This blog is a personal take on Listowel, Co. Kerry. I am writing for anyone anywhere with a Listowel connection but especially for sons and daughters of Listowel who find themselves far from home. Contact me at

Tag: horseshoe

Stories of Old Listowel

Church Street in November 2021


In 2007 Listowel had a large Polish population. This shop/ sklep opened on Charles Street to bring them a taste of home

Same view of Charles Street in Novemnber 2021


A Listowel Fact

These facts that I am sharing with you were told to walkers on the late Jack McKenna’s Rotary Club walking tours of the town many moons ago.

The pump house on the banks of the Feale was originally designed to hold a water wheel which would operate a pump to lift water from the river to tanks in Ballygrennane. These tanks would provide a gravity flow water supply to the town. The flow of water to operate the wheel was to come from a point upriver known as The Falls. The water was to flow to the wheel in the pump house via a canal. The engineer who designed the system was fond of a drop. On the day of the grand opening, he went to the tanks in Ballygrennan to await the flow the water while the dignatories who had been invited to the grand opening waited at the pump house for the flow of water which would operate the pump.

When the sluice gates were opened there emerged the smallest trickle of water, nothing near the amount needed to rotate the wheel to operate the pump.

The engineer, up in Ballygrennane realised that his scheme was a failure. The story goes that he polished off his bottle of whiskey, scarpered from the scene and was never seen in Listowel again.

The town council had to install a steam operated pump which supplied the town with water for many years until the ESB brought electric power to Listowel.


A Sign of the Times

On this old street lamp a very modern notice advertising outdoor dining


That was then; This is now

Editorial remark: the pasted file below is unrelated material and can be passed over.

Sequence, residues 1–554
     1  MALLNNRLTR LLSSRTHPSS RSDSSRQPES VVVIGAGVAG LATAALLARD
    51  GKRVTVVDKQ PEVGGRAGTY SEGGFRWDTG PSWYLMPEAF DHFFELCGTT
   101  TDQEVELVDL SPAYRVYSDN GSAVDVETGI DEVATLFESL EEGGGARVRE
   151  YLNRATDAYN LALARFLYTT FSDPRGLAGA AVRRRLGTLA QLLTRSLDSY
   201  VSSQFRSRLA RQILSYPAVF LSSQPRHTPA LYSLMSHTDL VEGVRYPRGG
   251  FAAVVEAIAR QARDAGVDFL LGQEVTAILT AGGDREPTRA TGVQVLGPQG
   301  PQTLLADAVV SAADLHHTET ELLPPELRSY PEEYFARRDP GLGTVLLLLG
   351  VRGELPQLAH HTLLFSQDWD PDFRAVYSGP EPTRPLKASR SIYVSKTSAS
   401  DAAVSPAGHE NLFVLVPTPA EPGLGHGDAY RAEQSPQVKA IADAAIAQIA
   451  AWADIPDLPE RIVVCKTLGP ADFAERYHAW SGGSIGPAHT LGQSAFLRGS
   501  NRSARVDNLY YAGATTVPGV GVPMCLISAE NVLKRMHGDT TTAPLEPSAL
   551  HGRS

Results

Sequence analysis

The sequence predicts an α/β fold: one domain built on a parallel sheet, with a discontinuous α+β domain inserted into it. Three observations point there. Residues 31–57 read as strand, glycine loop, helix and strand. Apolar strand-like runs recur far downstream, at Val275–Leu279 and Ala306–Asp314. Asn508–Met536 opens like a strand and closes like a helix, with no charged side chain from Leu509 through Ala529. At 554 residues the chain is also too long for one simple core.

In 2007 we had many many foreign nationals working in our area. Demand for money transfer services was such that a dedicated Western Union shop opened in Church Street.

Since then electronic money transfer has become even easier.

Yesterday I saw a man pay for his groceries using his watch.

We’ve come a long way since 2007.


Covid Signage, Kevin’s and Behan’s Prepare to Reopen

Castle and Seanchaí closed to the public in June 2020

Viewing platform by the river in June 2020.

The level of water in The Feale was very low before the deluge of Sunday June 15 when we had thunder, lightning and flash floods.


Covid Signage at Spar in Market Street


Kevin;s is being repainted before reopening.

Meanwhile across the road Behan’s Horseshoe has been beautifully painted.

I even persuaded the painters to pose for me.


Ard Churam Dementia Day Centre

Photo: John Kelliher


In Connemara in 1959

I dont know who took the photo but it looks a bit posed to me.  Brendan Behan is not exactly dressed for a day in the bog.

Trip to Kanturk, Changing face of Business and and death of a local nun in 1880

Photo credit: Neil O’Mullane of Mallow Camera Club


There’s a bridle hanging on the wall

There’s a saddle in a lonely stall

You ask me why the teardrops fall

It’s that bridle hanging on the wall

There’s a horseshoe nailed above the door

It’s a shoe that my old pony wore

There’s a faded blanket in the hall

And that bridle hanging on the wall….

I was reminded of this old country song by Carson Robinson when I visited my old home in Kanturk recently. Everywhere there are horses and horse related accoutrements and memorabilia.

My brother, Pat, was putting EPA Murray outdoors for a day in the sun. Murray is a show horse so his coat has to be protected from strong sunlight which might discolour it. Hence the head to toe sunsuit. You live and learn!